Bridges Blog

Math Vocabulary – Another Language

Math Vocabulary – Another Language All students at my school learn the Spanish language all year long—the culture, how to speak, to understand, and so on. Another language they engage in all year long is the math language we use. It might seem intuitive or a part of everyday language, but math vocabulary can be very challenging.


Writing a Good Word Problem

After several practice runs and a couple of assessments, it was obvious my class was having a difficult time writing a word problem to match a given equation. To get my class on track, I came up with a game plan that seemed to do the trick.


Math Vocabulary Cards: A Great Format for Other Content Areas

Computers, laptops, tablets, phones … I can envision these becoming standard tools of my classroom just as calculators, pencils, rulers, and markers are.


Calendar Grid Observations

A few years ago I taught two math groups, back-to-back. In an effort to make use of every possible moment, I created a Calendar Grid Observations Sheet for the fourth grade students to work on as they arrive. Recently, I used it again with third graders.


Linking Computer Activities to Bridges

Visiting the computer lab is part of our regular kindergarten routine, with students spending two 40-minute sessions each week there. They work on a literacy software program for the first 20 minutes, and the last 20 minutes is for math games. Our team has found some wonderful, free websites that engage the children in a game as they practice math skills. A few of these sites include: Starfall, ABC YA, and PBS kids.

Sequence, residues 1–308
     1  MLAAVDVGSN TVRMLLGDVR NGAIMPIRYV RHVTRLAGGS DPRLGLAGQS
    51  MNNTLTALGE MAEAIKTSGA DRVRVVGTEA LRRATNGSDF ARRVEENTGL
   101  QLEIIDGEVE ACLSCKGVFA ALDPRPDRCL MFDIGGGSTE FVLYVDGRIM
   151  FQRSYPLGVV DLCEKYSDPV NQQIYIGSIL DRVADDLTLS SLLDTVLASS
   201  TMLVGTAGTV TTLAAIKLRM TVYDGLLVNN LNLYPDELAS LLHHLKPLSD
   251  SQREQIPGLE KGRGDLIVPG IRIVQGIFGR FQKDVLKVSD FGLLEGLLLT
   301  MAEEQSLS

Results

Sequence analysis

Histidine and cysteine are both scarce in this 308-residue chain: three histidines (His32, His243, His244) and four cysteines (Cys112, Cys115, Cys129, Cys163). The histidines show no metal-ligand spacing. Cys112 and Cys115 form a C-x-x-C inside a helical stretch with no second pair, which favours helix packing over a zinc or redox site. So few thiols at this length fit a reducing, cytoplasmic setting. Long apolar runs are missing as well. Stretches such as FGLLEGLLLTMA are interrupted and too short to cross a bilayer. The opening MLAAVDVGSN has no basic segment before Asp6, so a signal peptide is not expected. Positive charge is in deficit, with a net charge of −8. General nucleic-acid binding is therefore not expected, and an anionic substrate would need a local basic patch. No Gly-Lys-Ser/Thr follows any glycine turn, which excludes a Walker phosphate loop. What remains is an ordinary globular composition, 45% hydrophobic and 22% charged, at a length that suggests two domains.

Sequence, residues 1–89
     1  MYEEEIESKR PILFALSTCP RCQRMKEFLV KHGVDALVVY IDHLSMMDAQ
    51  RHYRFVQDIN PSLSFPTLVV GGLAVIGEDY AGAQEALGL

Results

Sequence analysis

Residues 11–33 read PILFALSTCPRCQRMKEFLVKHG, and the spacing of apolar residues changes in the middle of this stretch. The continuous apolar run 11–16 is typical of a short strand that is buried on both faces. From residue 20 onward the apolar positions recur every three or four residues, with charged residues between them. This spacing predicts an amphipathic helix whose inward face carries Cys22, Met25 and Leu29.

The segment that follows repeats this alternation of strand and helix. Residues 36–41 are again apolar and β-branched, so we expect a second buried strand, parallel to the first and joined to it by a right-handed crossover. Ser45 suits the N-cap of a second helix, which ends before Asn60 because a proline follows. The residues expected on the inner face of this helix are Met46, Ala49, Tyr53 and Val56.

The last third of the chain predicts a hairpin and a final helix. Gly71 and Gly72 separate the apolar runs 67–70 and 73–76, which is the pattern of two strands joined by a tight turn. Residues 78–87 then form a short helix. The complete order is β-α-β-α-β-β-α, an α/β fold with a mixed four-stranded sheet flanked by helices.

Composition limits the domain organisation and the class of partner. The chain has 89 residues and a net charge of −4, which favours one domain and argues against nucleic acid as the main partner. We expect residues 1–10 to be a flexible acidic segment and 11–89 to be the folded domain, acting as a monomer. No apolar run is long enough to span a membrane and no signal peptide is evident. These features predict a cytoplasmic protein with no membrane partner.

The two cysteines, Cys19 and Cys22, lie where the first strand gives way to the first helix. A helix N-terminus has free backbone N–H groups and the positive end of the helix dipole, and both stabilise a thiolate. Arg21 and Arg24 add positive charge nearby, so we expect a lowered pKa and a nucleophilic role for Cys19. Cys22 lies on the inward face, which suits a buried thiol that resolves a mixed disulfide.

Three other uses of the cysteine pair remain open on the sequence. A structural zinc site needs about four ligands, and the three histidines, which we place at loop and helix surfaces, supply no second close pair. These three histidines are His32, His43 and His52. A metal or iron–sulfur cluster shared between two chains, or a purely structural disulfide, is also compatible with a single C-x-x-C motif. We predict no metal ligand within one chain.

Organizing & Interpreting Data in Kindergarten

Organizing & Interpreting Data in KindergartenOur K team has put together some collaborative monthly practice activities to sort, represent, and interpret data. We’ve found students who revisit these skills have the confidence and understanding to interpret and explain data on a bar graph.


When the Girls Get Loud

When the Girls Get LoudWhen I reflect on the overall pattern of my math lessons, I notice that instruction happens through my interaction with individuals and small groups, as well as through whole group presentations and accompanying class discussion. Knowing that, I worry that some students may be demanding and receiving more of my attention than others.


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